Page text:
Speaking of Phorusrhacos, the painting at top - depicting this taxon - is one of the most famous phorusrhacid renditions ever (it's borrowed from the Burian gallery), and was produced by one of the 20th century's greatest palaeo-artists, Zdenek Burian (1905-1981). The colour scheme used in the painting has been widely copied by other artists: for a discussion on this subject go here.

The new phorusrhacid described by Chiappe & Bertelli (2006) consists only of a skull and some leg bones (other elements might be known, but aren’t mentioned), but is significant for its size and the completeness of the skull. Discovered in Miocene rocks of Comallo, Argentina, it appears to be a phorusrhacine closely related to Devincenzia, another of those obscure taxa known from pretty good remains. For reasons that I don’t quite grasp, the new specimen isn’t named (whether it represents a new taxon that will be named elsewhere, or whether it proves referable to an already-named form [like Devincenzia] is not stated) and currently only has the accession number BAR 3877-11 (BAR = Museo Asociación Paleontológico Bariloche, Argentina). Anyway, with a total length of 71 cm, BAR 3877-11 possesses the largest avian skull. What is slightly odd about Chiappe & Bertelli’s paper is that they continually refer to giant phorusrhacids as the ‘largest birds known’. While it is certainly true that some of these birds – reaching a total height of about 3 m and a weight of 350 kg or more – were immense, they were similar in size to, and perhaps smaller than, the biggest aepyornithids and dromornithids, so this isn’t clear cut.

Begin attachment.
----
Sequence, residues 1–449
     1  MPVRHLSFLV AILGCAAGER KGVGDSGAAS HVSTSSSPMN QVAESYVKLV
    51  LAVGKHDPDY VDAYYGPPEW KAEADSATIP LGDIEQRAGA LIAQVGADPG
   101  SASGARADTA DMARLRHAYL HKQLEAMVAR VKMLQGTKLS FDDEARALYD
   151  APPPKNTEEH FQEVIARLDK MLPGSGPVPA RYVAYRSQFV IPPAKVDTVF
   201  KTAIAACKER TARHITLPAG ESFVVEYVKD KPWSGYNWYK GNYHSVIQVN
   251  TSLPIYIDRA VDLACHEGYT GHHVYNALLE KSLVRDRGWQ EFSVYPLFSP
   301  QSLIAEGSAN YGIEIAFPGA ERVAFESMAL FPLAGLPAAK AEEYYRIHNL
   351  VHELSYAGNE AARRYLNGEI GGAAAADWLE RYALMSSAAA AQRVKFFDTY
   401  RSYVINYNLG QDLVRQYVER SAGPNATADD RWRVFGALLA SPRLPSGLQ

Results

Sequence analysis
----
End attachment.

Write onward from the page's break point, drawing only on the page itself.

And I have to stop there. More on phorusrhacids in the next post, looking at brontornithine lifestyle, mesembriornithine running speed (were they the fastest-running birds ever?), and the anatomy of feet and skulls [available here].

PS - I intended to add more images to this post, but Im having trouble in getting blogger to upload them. For the latest news on Tetrapod Zoology do go here.

Refs - -

Alvarenga, H. M. F. & Höfling, E. 2003. Systematic revision of the Phorusrhacidae (Aves: Ralliformes). Papéis Avulsos de Zoologia, Museu de Zoologia da Universidade de São Paulo 43, 55-91.

Chiappe, L. M. & Bertelli, S. 2006. Skull morphology of giant terror birds. Nature 443, 929.